Skip to Content

Ways to Set Boundaries in Your Personal and Professional Life

Save this post to read later:

We hear a lot about the importance of setting boundaries, but defining and enforcing our own boundaries can be easier said than done. Boundaries are about setting limits and rules for ourselves within our relationships with other people, managing your reaction to another’s behaviour and, just like a physical boundary, are designed to keep you safe.

Establishing healthy boundaries demonstrates that you value your own needs and emotions. While you can’t control other people, you can control how you respond to a given situation. 

Setting boundaries can be quite difficult for some – whether it is through fear of confrontation or rejection, being a people pleaser, having low esteem or simply that they don’t know how. 

Some examples of personal boundaries

  • Emotional & mental boundaries. These allow you to have your own thoughts and emotions and the right to be able to express them without being criticised or invalidated. 
  • Physical boundaries. These allow you to have your own personal space and a right not to be touched. 
  • Sexual boundaries. These allow you to have the right to consent and be touched how you deem appropriate.
  • Religious and spiritual boundaries. These allow you to have the right to believe in what you want and worship in the way that you choose. 
  • Time boundaries. These allow you to spend your time how you see fit. 

Do you have difficulty in setting boundaries?

8 simple ways to set boundaries in your personal and professional life.

Boundaries are about setting limits and rules within our relationships, managing reactions to another’s behaviour and are designed to keep you safe. Here are 8 ways to set boundaries in your personal and professional life.

1. Analyse your current life

Look at the boundaries (and similarly, lack of boundaries) that currently exist in your life and the areas that you are experiencing problems and issues that you wish to change. Decide on the boundaries that you WANT to have. 

2. Start to learn the power of ‘no.’

Start saying no. Be polite, but direct in your no and offer no explanation.

Look at these two different ways of saying no:

  1. Thanks for the invitation, but I can’t make it.
  2. Thanks so much, I really want to but I can’t make it. I’m really sorry, it has been such a busy week and I have lots of things to get done the next day so I really need to get some sleep. I hope you’re not annoyed with me. 

The second explanation implies that you aren’t allowed to spend your time how you want to and that you have let someone else down. An invitation to go somewhere is not an obligation, and you are not required to give an explanation. Similarly, when someone comes to you with a request, take a moment before responding to consider whether it’s something you truly want and are capable of doing.

3. Expect some negativity

If the people in your life are used to you being a people pleaser, many of them are likely to respond to your new boundaries in a negative way. For example, if a friend often calls on you for last minute ‘favours,’ they may become upset when you are no longer available. Try to avoid taking this personally – you are not responsible for their reactions. 

4. Block out your time.

Whether you are at work or home, setting blocks of time when you cannot be disturbed sets a boundary that gives you space to work, collect your thoughts or simply breathe. Make your family and colleagues aware of this time needed – it may be more difficult to do this in the workplace, but a simple “I need about half an hour to get this finished and then I will…” is often very effective.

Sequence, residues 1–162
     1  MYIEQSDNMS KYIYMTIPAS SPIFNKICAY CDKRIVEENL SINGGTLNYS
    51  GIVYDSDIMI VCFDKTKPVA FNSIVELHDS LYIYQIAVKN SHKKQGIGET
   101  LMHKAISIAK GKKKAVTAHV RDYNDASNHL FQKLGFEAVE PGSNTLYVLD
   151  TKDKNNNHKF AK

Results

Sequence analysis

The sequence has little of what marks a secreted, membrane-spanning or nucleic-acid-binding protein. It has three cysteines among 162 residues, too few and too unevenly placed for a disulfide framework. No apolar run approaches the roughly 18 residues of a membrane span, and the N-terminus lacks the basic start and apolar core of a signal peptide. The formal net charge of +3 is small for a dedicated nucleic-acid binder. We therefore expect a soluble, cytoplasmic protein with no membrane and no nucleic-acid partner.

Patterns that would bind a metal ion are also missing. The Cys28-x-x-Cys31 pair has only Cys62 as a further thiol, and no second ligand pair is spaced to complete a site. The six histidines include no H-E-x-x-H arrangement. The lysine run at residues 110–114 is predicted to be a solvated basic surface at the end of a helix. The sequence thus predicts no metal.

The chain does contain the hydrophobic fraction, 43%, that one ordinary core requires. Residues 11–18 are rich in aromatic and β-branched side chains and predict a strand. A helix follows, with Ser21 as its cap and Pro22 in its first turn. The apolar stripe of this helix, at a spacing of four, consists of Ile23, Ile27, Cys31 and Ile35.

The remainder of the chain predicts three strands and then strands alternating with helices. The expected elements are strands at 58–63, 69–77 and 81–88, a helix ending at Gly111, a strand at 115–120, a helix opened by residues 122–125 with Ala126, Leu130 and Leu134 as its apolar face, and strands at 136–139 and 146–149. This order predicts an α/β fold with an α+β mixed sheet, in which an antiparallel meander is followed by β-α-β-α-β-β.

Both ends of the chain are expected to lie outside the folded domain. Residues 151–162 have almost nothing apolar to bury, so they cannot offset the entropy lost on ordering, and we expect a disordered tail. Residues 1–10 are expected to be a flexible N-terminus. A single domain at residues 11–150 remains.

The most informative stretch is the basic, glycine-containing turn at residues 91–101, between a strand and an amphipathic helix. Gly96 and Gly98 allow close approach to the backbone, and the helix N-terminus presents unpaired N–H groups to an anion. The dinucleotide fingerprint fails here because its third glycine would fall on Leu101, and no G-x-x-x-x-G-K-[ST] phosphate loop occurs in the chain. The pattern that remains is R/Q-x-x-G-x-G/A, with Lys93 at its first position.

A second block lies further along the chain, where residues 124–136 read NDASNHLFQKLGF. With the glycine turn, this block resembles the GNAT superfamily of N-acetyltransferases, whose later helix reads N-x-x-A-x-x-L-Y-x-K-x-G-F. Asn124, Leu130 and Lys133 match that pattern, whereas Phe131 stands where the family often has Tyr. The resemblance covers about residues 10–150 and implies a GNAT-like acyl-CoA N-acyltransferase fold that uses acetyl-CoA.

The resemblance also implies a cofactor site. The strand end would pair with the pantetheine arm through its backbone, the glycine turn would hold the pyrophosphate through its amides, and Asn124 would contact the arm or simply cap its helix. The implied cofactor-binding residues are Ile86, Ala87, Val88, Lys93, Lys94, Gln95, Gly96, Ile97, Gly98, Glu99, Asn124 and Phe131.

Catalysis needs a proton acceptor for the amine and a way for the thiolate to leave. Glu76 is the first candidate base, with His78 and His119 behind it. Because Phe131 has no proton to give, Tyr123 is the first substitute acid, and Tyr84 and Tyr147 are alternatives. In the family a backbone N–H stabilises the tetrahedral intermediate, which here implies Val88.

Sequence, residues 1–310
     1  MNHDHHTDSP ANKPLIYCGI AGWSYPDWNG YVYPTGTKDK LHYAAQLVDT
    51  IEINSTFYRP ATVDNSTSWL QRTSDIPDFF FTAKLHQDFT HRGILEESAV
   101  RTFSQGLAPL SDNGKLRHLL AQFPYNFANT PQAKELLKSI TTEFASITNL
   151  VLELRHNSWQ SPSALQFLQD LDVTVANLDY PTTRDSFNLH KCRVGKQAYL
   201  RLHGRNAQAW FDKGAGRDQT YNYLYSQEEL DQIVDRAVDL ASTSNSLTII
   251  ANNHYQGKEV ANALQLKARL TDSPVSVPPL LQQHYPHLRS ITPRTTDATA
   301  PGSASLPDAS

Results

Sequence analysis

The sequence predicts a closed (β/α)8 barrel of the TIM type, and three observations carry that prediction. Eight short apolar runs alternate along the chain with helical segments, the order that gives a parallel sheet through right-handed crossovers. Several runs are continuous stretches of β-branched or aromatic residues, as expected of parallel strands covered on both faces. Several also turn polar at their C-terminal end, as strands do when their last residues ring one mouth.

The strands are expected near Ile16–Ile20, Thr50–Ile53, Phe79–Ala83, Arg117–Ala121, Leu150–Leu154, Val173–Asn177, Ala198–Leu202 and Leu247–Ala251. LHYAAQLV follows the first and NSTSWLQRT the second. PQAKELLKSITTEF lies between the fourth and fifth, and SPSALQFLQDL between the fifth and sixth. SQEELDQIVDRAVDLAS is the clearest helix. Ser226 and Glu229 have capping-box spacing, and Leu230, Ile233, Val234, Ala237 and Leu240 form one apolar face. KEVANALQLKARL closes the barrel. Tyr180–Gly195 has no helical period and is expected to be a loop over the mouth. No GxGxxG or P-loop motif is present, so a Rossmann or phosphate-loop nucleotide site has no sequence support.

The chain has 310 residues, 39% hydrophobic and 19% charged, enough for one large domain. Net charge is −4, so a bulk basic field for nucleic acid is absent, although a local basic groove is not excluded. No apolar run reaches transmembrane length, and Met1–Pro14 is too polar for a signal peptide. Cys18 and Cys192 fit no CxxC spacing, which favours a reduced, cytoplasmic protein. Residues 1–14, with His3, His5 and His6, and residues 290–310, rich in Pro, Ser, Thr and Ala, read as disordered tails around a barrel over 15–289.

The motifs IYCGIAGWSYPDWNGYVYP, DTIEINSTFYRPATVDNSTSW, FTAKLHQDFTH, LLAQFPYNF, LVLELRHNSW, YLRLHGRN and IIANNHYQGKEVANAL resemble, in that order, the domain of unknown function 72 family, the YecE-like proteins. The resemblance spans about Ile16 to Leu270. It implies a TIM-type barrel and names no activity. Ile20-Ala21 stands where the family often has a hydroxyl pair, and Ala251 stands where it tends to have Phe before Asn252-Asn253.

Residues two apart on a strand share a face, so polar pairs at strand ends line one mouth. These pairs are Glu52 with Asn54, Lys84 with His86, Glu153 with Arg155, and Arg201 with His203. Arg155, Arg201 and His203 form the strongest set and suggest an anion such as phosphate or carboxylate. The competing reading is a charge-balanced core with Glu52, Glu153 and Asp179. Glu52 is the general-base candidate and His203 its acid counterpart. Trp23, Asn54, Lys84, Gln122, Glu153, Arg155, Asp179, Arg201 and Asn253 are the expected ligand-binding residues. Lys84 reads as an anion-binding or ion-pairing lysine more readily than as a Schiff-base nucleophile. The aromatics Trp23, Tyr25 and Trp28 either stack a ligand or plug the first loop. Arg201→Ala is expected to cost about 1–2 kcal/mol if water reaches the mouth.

5. Set working hours and stick to them

Once you have finished your working day, avoid checking emails after hours ‘just in case,’ or taking calls late at night (unless it’s a genuine emergency). You personal time is your own and this needs to be respected. 

6. Value your ‘me time’

If you have made plans for spending Sunday afternoon doing something that you enjoy, don’t feel obliged to spend time with a family member or friend who wants to invite themselves round. Remember, you and your needs are important too.

7. Be quick when setting boundaries

Make your physical and personal space boundaries clear as soon as an issue presents itself. Nobody should place their hands on you or get in your personal space without your consent. It may be difficult in the beginning, especially if you are used to just letting things go unsaid, but it will get easier and people will learn your boundaries if you response quickly and consistently.

8. Be accepting

Accept differences in the boundaries that you will have with different people. Different relationships require different boundaries; accepting this allows you to set yours accordingly. Your boundaries with your spouse, for example, will be very different from the boundaries you set with your friends. Similarly, respect the boundaries of others, and they will be more likely to respect yours

Remember that setting and enforcing boundaries takes time, so be kind to yourself and to others while going through the process. Setting boundaries is nothing to be scared of or feel guilty about.

A boundary simply defines the space where you end and another person begins, and it’s up to you what shape that takes. Setting boundaries is a healthy way to manage our interaction with others, whether personally or professionally, and, done well, can change your life for the better.

Save this post to read later:

This site uses Akismet to reduce spam. Learn how your comment data is processed.

This site uses Akismet to reduce spam. Learn how your comment data is processed.